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Unified Serial RAID Controllers for PCIe

Adaptec RAID 3805

Firmware used: 5.2.0 Build 12415

The first RAID controller card in this roundup is Adaptec’s RAID 3805. The firm differentiates between entry-level, value and performance products, but the model numbering requires some explanation. Every product that begins with a 3, such as this one, is a current unified serial product that supports 3 Gbit/s transfers for SAS and SATA. The second digit determines the total number of drive ports, e.g. eight for the RAID 3805, or 16 for the RAID 31605. If there is a 0 in front of the drive count, the controller is designed for external drive appliances. The last digit can either be a 0 or a 5, where 0 mains host-based RAID and 5 describes hardware-accelerated RAID 5 and RAID 6 support. All unified serial products are PCI Express based; there are no new PCI-X products anymore. Incidentally, don’t confuse the RAID 3805 and RAID 3085, the latter of which is the external card with a faster IOP unit.

The RAID 3805 is a current product with eight SAS ports and hardware-accelerated RAID for PCI Express. It is an entry-level to mid-range product and can be used on a variety of operating systems, including all versions of Windows starting with Windows 2000, Red Hat and SuSe Linux, Novell Netware, SCO Open Server, Sun Solaris, FreeBSD, UnixWare and VMware ESX Server. It runs an Intel 80333 processor at 500 MHz for XOR calculations, and it has 128 MB of DDR2 memory with ECC. Thanks to the low-profile form factor and two SFF 8487 connectors that merge four ports into one physical connection, the RAID 3805 can be deployed into compact 1U rackmount servers that offer an x4 PCI Express slot.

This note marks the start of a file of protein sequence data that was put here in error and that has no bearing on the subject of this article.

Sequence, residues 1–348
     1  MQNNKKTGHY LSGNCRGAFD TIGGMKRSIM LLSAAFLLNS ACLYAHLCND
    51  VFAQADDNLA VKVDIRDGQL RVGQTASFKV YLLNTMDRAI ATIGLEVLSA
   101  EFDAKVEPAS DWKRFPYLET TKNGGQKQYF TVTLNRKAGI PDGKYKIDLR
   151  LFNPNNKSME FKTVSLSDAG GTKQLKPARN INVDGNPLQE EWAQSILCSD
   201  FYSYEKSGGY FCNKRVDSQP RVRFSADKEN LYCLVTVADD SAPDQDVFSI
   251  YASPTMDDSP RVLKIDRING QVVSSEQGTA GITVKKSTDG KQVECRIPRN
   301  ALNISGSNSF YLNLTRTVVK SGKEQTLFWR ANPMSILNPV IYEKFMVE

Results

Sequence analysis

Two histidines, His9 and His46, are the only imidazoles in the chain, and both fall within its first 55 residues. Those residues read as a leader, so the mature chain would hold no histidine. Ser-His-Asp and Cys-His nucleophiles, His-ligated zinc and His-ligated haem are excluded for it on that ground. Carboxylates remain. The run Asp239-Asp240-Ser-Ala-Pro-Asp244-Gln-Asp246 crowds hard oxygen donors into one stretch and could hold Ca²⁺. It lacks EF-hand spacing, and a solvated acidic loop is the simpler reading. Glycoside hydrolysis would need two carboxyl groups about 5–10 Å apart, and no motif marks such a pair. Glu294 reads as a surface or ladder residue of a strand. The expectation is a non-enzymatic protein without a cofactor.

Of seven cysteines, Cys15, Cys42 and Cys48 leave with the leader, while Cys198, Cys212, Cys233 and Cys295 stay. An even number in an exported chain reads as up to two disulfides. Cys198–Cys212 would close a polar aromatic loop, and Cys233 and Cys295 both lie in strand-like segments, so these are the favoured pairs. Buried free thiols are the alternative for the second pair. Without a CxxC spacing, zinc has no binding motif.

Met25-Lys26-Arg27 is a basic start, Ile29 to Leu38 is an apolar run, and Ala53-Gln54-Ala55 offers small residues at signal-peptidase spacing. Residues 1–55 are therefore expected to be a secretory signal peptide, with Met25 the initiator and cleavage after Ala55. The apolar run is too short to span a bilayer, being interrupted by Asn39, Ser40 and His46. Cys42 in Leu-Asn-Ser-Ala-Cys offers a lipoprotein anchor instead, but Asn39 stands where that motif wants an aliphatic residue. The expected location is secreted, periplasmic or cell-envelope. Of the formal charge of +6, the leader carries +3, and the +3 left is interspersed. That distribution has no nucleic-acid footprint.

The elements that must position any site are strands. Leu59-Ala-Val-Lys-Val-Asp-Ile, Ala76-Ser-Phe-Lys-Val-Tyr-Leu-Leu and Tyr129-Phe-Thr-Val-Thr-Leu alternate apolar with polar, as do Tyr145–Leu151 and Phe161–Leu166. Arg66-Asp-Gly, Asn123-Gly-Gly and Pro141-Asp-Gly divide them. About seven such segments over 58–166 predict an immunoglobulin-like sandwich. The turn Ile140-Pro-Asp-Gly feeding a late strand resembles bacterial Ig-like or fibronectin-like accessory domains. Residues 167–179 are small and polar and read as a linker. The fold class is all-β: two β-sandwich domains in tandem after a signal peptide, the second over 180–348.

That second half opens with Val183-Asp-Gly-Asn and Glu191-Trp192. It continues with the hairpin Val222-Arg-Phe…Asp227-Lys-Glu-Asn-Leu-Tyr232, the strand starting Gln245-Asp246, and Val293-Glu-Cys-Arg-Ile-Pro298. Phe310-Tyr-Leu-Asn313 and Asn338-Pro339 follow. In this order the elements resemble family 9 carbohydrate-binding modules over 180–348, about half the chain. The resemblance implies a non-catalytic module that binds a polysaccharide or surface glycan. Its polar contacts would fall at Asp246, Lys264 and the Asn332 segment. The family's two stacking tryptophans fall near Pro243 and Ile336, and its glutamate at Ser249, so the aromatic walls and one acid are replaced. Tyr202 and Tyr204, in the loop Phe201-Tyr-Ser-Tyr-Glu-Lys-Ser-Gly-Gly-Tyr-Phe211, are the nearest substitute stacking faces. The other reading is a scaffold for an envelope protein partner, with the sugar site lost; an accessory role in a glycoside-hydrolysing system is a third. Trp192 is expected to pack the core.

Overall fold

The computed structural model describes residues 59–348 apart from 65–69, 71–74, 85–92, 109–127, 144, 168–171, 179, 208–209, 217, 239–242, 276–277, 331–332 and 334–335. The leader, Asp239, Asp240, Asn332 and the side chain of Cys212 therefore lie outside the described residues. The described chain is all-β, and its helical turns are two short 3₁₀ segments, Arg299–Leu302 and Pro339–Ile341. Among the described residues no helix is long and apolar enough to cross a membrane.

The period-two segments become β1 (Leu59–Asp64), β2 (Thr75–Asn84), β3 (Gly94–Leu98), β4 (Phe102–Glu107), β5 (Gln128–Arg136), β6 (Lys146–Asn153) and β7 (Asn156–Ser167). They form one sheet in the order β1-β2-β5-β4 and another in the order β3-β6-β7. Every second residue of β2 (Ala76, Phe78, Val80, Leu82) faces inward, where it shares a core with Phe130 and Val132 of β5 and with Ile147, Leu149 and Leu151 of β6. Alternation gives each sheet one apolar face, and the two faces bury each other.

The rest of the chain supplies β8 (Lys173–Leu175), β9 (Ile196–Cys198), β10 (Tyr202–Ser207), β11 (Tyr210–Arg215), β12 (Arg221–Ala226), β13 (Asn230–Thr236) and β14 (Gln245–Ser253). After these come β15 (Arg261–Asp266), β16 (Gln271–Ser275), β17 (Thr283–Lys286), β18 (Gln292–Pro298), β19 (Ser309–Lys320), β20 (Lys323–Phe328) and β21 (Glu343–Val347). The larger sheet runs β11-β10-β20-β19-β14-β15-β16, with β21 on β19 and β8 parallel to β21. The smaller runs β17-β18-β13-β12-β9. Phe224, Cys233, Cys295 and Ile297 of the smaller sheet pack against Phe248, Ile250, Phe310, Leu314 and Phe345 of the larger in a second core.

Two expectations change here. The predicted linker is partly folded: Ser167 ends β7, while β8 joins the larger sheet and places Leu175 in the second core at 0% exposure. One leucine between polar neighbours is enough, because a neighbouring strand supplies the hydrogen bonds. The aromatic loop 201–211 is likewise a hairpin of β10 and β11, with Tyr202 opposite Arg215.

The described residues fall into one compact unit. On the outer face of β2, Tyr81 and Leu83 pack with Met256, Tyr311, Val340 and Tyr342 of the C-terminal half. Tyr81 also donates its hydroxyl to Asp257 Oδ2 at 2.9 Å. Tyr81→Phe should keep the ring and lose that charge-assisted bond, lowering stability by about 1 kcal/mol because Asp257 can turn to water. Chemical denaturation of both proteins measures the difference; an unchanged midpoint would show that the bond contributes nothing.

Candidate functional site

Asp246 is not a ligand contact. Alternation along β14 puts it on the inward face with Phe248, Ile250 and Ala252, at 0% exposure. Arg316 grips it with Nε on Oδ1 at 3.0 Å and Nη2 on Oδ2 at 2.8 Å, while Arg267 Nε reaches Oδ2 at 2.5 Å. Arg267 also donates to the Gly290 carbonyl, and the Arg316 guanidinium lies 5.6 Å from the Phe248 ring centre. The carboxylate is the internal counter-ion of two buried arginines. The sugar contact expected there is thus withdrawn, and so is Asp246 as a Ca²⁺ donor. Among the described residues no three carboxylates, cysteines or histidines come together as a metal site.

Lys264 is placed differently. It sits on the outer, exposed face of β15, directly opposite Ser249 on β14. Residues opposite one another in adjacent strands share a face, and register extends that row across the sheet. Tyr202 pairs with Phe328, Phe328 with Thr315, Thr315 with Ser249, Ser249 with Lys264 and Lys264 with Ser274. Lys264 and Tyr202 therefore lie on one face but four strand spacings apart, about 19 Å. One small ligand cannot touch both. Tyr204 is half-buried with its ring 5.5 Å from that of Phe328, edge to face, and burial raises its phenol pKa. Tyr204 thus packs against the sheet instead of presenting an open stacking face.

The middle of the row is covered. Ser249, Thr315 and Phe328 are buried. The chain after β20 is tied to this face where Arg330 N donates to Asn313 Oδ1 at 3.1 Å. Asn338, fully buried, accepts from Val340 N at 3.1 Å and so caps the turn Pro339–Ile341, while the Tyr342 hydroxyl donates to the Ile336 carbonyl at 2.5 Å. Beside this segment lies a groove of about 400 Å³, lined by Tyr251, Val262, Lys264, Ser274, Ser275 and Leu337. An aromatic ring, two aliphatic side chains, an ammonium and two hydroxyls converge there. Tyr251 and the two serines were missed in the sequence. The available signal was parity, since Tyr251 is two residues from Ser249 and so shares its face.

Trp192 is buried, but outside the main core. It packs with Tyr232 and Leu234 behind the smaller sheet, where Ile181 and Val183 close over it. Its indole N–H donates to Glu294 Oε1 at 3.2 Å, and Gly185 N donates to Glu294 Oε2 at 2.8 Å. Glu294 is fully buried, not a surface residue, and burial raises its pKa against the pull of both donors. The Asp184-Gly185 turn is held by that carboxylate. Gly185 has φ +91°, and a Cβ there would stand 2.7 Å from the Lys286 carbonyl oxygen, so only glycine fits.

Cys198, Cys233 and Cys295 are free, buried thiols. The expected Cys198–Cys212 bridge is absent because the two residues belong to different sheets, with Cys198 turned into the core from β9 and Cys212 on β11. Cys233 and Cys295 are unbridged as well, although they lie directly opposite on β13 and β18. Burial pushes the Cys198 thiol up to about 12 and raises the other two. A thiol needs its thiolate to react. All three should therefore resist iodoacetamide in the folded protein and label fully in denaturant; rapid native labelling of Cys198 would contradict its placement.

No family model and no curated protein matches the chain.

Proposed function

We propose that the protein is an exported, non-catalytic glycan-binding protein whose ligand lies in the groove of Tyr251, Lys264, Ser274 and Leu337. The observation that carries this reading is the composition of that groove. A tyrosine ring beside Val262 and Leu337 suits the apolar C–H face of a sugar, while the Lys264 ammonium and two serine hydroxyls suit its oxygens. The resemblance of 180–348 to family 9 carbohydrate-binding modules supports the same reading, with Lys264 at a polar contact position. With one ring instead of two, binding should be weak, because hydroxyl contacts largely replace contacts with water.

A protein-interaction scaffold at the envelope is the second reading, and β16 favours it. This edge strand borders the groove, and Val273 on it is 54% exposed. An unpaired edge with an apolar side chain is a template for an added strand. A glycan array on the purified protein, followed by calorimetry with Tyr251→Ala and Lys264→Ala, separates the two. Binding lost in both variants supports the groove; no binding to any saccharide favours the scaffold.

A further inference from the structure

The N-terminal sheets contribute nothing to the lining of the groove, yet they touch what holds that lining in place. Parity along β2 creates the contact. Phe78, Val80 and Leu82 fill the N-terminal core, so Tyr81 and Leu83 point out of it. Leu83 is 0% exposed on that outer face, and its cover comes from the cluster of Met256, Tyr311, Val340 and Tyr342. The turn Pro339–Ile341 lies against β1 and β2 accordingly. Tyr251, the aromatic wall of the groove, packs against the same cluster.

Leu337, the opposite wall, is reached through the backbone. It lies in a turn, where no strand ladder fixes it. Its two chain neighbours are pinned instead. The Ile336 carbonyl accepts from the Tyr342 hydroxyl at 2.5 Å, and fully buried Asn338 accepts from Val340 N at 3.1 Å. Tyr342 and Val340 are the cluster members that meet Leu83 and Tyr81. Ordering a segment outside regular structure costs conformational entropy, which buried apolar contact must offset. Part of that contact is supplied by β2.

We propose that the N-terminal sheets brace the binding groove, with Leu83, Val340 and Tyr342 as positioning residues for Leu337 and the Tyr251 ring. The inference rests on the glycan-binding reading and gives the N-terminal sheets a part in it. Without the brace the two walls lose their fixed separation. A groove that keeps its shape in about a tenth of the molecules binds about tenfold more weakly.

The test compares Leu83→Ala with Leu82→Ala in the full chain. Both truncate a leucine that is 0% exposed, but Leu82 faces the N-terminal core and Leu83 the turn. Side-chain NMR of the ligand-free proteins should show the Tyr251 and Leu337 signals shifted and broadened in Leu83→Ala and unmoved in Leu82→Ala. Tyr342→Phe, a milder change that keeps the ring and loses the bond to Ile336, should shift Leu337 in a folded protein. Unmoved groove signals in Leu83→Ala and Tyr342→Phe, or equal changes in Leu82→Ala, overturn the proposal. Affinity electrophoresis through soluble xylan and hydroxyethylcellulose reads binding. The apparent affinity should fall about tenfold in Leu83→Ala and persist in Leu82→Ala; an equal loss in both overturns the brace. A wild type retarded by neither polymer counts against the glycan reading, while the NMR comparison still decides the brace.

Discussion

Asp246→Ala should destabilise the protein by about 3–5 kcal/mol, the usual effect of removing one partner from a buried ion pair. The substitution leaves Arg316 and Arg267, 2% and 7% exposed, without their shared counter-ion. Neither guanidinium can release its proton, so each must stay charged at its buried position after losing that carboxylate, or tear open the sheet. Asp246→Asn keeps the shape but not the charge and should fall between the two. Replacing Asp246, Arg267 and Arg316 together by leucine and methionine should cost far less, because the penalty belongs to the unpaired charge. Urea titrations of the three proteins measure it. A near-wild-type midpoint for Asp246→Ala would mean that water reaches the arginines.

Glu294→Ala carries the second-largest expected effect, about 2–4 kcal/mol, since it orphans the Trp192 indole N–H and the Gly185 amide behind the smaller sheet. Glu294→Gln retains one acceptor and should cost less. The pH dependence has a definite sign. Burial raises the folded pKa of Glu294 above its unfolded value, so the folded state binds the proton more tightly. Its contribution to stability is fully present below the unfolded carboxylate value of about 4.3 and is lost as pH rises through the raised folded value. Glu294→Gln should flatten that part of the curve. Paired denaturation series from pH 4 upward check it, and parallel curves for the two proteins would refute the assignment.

Adaptec supports RAID modes 0, 1, 1E (equals RAID 10), 5, 5EE (with hot spare), 6, 10, 50, 60 and JBOD, which should give administrators quite some flexibility. Feature wise you will notice a pretty long list, including RAID features such as online capacity expansion, RAID level migration, quick/background initialization, native command queuing support (NCQ), variably assignable hot spares (global/dedicated/pooled), enclosure management support via SCSI-accessed Fault-Tolerant Enclosure (SAFTE), staggered drive spin-up, hot plugging, redundant path failover and even more. One interesting feature is support for a so-called "copyback hot spare", which turns the hot spare back into a hot spare once the failed drive has been replaced and reconstructed. This way you don’t have to change the labels on your drive enclosure. Be sure to look at our feature table to compare the three controllers.

The box includes the controller, a low-profile slot bracket, a short installation guide in several languages, a software CD, and two Mini SAS to SATA fanout cables based on the SFF 8487 and SFF 8484 standards. There is an optional battery backup module, which I used to keep cached data alive in case the system loses power. While the company has abandoned its approach of selling its Advanced Data Protection software (RAID 6 support and additional features) as an optional upgrade, snapshot backups will only work if you purchase a registration key. There is a three-year warranty for the RAID controller.